February 2016 Download this article as a PDFAbstract

Conducting a literature review in new domains presents unique challenges. The literature in a new domain is typically broad, fragmented, and growing quickly. Because little is known about the new domain, the literature review cannot be guided by established classifications of knowledge, unlike in an existing domain. Rather, it will be driven by evidence that challenges and extends existing knowledge. In a way, exploring a new domain means looking for anomalies in the evidence that cannot be explained by what is already known. This article summarizes lessons from conducting two literature reviews in new domains in the area of cybersecurity. It then presents a design for using leader-driven crowdsourcing to collect evidence and synthesize it into insights in a new domain. The article will be relevant to those who are exploring a new domain, in particular students, researchers, and members of R&D projects in industry.

Introduction

A standard approach to exploring a domain is to conduct a literature review. However, conducting a literature review in a new domain presents unique challenges. Whereas in an existing domain, researchers can use established classifications of knowledge to guide their search for and interpretation of the literature, this is not the case for a new domain that lacks such classifications. In a new domain, the literature is typically broad, fragmented, and, at the same time, growing quickly. The task of the researcher is to make sense of evidence when it does not fit existing models and classifications. Encountering such evidence forces them to extend existing knowledge.

This article first examines the characteristics of new domains and summarizes lessons from conducting two literature reviews in new domains. It then reviews the goals and types of literature reviews and the typical structure of a systematic narrative literature review. Third, it introduces crowdsourcing as a technique for leveraging groups of people to solve complex tasks and examines the problems crowdsourcing can solve. The article then presents a design for crowdsourcing the creation of literature reviews to collect evidence and synthesize it into insights in a new domain. The article closes with the identification of challenges and open questions when using this new approach.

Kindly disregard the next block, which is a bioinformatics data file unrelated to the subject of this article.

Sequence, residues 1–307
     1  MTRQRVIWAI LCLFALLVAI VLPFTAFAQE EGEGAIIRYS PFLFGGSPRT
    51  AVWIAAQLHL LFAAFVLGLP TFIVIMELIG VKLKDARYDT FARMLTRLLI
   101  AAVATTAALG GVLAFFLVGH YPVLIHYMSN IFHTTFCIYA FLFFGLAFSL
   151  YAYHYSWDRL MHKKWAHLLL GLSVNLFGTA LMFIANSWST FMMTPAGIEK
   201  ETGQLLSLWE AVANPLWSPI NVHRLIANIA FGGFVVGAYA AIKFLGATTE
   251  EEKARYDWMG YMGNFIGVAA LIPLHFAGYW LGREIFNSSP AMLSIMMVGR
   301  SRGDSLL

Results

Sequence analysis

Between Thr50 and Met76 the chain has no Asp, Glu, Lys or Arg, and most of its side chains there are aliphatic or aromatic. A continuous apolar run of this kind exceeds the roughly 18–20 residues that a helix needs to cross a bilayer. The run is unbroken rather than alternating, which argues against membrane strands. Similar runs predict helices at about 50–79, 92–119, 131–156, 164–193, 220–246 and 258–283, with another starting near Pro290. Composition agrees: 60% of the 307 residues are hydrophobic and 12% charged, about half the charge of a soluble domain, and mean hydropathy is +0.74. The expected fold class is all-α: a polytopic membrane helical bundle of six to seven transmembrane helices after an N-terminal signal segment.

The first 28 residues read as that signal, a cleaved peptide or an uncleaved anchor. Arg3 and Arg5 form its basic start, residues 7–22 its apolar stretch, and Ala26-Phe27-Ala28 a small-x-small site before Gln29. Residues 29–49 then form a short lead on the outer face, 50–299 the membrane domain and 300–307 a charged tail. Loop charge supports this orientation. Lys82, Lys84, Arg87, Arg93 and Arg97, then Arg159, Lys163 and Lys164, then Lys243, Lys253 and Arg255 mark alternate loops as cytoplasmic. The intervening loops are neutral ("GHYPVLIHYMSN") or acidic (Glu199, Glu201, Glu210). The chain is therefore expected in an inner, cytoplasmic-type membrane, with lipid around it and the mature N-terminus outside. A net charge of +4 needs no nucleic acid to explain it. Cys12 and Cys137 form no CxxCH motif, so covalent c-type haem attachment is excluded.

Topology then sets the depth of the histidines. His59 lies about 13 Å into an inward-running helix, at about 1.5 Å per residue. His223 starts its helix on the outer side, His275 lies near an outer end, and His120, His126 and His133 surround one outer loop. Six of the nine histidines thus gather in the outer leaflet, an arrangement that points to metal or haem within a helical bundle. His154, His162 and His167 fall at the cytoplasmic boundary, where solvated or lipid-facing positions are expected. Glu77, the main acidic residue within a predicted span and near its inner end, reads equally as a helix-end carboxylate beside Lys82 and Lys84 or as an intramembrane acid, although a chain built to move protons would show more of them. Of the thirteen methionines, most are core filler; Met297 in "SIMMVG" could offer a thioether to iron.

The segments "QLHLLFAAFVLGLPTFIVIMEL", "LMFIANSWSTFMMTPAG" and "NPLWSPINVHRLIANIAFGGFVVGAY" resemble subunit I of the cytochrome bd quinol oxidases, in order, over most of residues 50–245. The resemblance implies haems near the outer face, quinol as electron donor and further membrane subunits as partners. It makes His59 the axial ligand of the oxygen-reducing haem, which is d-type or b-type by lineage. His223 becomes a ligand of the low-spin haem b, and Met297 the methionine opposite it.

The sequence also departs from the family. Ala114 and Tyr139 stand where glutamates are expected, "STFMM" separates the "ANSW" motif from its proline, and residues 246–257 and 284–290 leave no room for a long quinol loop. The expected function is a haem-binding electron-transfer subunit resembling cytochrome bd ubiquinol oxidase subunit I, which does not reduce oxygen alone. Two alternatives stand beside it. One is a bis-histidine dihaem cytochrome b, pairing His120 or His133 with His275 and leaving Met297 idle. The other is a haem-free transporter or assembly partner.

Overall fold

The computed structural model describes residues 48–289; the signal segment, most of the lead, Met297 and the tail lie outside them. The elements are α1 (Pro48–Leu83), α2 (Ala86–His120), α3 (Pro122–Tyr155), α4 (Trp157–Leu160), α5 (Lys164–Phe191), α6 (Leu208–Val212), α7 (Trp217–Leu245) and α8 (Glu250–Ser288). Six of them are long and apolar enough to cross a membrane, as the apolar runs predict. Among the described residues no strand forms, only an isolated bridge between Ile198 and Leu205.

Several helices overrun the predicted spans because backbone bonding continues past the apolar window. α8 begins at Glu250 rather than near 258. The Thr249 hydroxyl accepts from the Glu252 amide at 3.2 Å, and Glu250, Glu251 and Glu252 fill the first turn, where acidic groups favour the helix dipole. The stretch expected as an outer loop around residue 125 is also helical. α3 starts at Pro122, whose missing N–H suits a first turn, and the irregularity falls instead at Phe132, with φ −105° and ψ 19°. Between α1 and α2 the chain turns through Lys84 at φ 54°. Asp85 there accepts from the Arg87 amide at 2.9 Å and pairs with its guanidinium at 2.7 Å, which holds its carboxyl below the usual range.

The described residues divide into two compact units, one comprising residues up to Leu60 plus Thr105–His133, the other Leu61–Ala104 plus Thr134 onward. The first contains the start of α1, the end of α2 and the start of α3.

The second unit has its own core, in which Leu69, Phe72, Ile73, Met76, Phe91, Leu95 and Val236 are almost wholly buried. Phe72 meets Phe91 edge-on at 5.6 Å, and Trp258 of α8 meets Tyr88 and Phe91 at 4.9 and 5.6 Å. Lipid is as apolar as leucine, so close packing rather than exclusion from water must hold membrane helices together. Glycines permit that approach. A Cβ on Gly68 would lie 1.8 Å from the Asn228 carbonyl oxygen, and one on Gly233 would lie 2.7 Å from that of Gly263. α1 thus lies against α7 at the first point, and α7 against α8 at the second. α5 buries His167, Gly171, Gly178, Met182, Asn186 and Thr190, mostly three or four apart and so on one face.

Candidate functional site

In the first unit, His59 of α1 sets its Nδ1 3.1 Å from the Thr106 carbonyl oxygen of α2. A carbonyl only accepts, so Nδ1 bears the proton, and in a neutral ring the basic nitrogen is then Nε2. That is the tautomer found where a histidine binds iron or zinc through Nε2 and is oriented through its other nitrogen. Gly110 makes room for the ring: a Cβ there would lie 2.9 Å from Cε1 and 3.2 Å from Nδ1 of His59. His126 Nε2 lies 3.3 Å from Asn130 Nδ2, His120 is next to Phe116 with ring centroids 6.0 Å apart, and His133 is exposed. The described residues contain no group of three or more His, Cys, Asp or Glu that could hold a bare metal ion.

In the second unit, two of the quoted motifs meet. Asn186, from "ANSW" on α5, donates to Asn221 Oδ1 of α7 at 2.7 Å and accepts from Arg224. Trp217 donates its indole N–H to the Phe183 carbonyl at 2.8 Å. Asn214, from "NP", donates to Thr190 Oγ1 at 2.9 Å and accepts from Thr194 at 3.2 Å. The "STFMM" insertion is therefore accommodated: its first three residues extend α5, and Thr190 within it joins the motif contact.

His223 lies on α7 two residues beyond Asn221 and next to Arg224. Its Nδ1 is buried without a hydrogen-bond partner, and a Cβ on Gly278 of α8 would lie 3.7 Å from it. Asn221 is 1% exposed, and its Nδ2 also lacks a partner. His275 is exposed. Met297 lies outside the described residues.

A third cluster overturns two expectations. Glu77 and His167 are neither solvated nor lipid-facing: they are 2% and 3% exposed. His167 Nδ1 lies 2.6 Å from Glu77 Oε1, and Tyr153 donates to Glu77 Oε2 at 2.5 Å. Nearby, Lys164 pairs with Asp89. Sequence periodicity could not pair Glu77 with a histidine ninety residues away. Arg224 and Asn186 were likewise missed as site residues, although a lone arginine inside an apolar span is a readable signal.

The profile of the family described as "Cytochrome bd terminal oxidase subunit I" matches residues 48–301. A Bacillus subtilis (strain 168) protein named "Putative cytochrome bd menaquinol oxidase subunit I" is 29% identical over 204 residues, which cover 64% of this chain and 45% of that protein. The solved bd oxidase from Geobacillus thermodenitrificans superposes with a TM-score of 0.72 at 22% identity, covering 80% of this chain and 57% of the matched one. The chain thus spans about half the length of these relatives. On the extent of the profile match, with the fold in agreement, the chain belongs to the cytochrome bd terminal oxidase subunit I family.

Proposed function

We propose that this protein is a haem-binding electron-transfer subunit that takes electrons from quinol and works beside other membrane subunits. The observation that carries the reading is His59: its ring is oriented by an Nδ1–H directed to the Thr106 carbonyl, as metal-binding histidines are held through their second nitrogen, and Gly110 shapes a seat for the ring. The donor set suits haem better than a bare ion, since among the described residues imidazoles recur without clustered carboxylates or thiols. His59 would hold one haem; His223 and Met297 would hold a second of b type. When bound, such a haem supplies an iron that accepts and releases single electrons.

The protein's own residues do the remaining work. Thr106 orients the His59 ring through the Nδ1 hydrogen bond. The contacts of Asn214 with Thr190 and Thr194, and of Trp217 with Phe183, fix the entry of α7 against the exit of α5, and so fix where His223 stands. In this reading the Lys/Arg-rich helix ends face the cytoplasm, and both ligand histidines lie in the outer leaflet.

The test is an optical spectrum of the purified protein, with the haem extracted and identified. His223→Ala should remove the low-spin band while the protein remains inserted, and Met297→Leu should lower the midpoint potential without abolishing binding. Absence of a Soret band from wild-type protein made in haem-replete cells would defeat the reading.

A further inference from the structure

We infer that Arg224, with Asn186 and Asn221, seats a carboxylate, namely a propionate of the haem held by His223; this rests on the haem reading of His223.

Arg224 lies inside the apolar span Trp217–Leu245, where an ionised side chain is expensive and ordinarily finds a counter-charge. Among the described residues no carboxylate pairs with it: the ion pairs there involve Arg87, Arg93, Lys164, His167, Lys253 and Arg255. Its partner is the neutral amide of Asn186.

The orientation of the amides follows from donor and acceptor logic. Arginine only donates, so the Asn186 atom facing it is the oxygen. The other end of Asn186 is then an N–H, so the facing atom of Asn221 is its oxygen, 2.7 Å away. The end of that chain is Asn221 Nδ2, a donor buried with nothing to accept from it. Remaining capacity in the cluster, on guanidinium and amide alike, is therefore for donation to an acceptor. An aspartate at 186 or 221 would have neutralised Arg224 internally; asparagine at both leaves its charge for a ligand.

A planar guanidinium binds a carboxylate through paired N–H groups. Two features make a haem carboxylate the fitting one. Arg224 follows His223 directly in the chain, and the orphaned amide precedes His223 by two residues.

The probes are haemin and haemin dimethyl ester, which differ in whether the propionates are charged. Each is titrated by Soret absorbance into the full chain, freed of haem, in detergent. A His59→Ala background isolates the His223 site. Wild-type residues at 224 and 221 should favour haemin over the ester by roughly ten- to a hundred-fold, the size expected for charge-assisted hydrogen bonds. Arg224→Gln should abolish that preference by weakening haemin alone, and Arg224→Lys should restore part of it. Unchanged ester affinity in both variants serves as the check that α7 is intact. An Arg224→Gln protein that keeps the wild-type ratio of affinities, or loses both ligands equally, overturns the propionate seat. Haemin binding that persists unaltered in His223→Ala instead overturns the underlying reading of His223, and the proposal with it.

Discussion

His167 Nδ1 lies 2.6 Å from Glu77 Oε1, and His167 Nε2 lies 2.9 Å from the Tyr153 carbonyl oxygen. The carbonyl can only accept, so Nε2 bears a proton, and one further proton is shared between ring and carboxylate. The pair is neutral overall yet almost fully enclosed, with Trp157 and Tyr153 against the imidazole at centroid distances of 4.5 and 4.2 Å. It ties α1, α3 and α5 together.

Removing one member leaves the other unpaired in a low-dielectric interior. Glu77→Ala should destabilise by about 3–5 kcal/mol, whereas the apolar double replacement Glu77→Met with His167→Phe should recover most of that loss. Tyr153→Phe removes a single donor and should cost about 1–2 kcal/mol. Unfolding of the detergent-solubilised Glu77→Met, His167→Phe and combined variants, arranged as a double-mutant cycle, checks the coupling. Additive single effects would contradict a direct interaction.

Exploring New Domains

Exploring a new domain can be conceptualized as looking for anomalies in the evidence that cannot be explained by what is already known, and subsequently building models and classifications that incorporate this evidence. A particular challenge in exploring a new domain is that the very criteria for searching the domain are co-evolving with our understanding of the domain. At the outset of the literature review, there are few established criteria for what the researchers should be looking for, something that Lin and colleagues (2014), in their study on crowdsourcing the search for Genghis Khan's tomb, refer to as a “needle in a haystack problem where the appearance of the needle is unknown”.

Searching for unknowns

Very little is known about what the key concepts in the new domain are. Thus, researchers should not limit their search criteria to what can be ‘‘expected’’ based on existing literature. As observed by Attenberg, Ipeirotis, and Provost (2011), organizations make decisions based on explicit or implicit models of the world. While it is important to understand where these models have limitations and can be improved, it is often not clear when these models are limited. In other words, we often don't know what we don't know.

From requirements engineering, we also know that ignorance of a domain often has advantages (Berry, 1995). It allows a requirements analyst to uncover unstated assumptions that domain experts have come to accept. Experts have tacit knowledge of a domain (aspects of the domain they take for granted), whereas an ignorant “newbie” in the domain would have to think about those aspects explicitly and evaluate them from first principles (Mehrotra & Berry, 2012). We consider this outsider's perspective as the “newbie's advantage”.

Attenberg and colleagues (2011) also recognize the advantage of a non-expert's perspective. They found that non-experts can easily find holes in decision models that pass “standard” tests used by experts. These holes in an organization's decision model correspond to situations where the model is confident but wrong (these are “unknown unknowns”), not where the model is uncertain (“known unknowns”). From these observations, we conclude that, in a new domain, researchers should especially be looking for areas in the existing knowledge that are supposedly firmly established. This is where the biggest blind spots may lie.

Lessons from two literature reviews in new domains

The author had an opportunity to observe two teams conducting literature reviews in new domains within the area of cybersecurity (see the Acknowledgements). The teams consisted of experienced researchers and graduate students and early-career researchers. All team members had prior experience writing traditional literature reviews. The key observations were: